I had a chance to sit down with one of the foremost writers of our generation, Augusten Burroughs. Augusten is the best selling author of “Dry,” “Magical Thinking” and of course Running with Scissors. He’s also got another book being adapted, Sellevision. Here’s the interview!
Augusten Burroughs: Yeah, I love being here, I love Seattle. Have some coffee, it’s in that silver pitcher.
Nice thanks! (I then started guzzling caffeine)
Augusten: I think they did a great job. I never cared that every scene from the book make the film. But I think it’s got the same spirit as the book.
Augusten: Well you don’t know what to feel, which is what I felt. We’re so used as an audience to being trained to see a genre film. I think it does a great job. Anyone who’s lived with mental illness knows that Hollywood takes it way over the top.
Augusten: Ryan Murphy adapted it. I wasn’t going to originally option it but our mother’s were similar first of all, but beyond that the way that we dealt with it was similar. I think he probably walked into our meeting knowing how the film was going to look. He worked on the script and read it to me over the phone and I’d tell him no, that’s not how my mother would talk. That’s how it happened.
Augusten: It’s outside the range of your normal experience, having a movie of your life while you’re still alive is really odd. There’s a lot of my in Annette’s performance which is kind of weird.
Augusten: Yeah I am. I haven’t seen her for years, I don’t have anything to do with her.
Augusten: No, absolutely not, I can’t stand her. She keeps calling but I don’t want anything. You know how sometimes parents will have a second kid because the first one needs bone marrow? I feel like my mother raised me because she needed an audience member. I just finally decided I’m going to walk out of this show and I’m not coming back.
Augusten: I haven’t really thought about it, but more developed relationships, maybe with Natalie. I guess it could be a good thing though because it drives you to the book if you want to read more. In the best world that’s how the movie / book relationship is.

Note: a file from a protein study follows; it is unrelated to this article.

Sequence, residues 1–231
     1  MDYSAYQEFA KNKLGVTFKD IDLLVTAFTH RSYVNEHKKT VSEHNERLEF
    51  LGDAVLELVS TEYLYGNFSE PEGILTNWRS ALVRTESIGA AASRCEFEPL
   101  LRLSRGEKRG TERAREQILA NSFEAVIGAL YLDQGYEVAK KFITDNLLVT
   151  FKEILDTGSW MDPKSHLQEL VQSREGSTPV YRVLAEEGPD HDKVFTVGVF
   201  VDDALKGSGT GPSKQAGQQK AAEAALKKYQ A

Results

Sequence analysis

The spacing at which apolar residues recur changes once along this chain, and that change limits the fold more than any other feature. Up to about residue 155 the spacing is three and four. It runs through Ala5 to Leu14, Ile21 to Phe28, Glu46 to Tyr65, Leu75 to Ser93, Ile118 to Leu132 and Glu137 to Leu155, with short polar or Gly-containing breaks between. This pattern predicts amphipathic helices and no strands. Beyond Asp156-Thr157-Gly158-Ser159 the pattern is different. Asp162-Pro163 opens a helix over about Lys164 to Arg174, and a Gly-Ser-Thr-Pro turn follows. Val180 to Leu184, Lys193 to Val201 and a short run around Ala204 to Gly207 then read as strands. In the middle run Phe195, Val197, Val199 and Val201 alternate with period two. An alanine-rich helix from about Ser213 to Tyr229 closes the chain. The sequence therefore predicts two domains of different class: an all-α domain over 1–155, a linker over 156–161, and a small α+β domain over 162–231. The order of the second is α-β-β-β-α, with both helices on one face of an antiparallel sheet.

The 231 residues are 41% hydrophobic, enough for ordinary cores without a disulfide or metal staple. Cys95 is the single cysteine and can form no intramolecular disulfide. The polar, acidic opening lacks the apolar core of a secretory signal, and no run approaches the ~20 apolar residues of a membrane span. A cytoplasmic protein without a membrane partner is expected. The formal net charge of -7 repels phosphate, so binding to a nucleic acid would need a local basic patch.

Augusten: I’ve closed the book on it. Writing the memoir was the final stage. I spent a long time trying to runaway from my childhood but I couldn’t do it. Childhood is what ended me up in the hospital and teetering on the edge of deathly alcoholism. It was really good for me to accept it. To accept all the embarrassment and the shame so I don’t feel like I used to. To me the movie is a nice bon voyage.
Augusten: They are getting financing for it now. All of a sudden that stepped up. That was another odd decision; I make my choices by gut feeling. Ryan hadn’t done “Nip/Tuck” when I optioned “Running with Scissors.” My gut instinct was to give him Running even though my head said no way. It was the same kind of thing with Sellevision. The first draft of the script was very funny.
Augusten: For a few days but I didn’t want to give the actors the stress of me being there. You have to trust in the actors and hope for the best.
Augusten: That’s exactly what it did. I’ve become a great judge of people and I have a lot of strength. My reaction to my childhood turned out to be positive.
Augusten: I read a lot of fiction. I just read Sharp Objects by Gillian Flynn. I loved that. I thought that was one of the freshest book in ages. I loved Little Children too.
Augusten: Maybe. I may write some screenplays. I feel like they are two different things, and when I write books, they’re just books. If they can be movies that’s okay. But I would write a novel that couldn’t be a film.
Running with Scissors opened wide today, get more on the film here.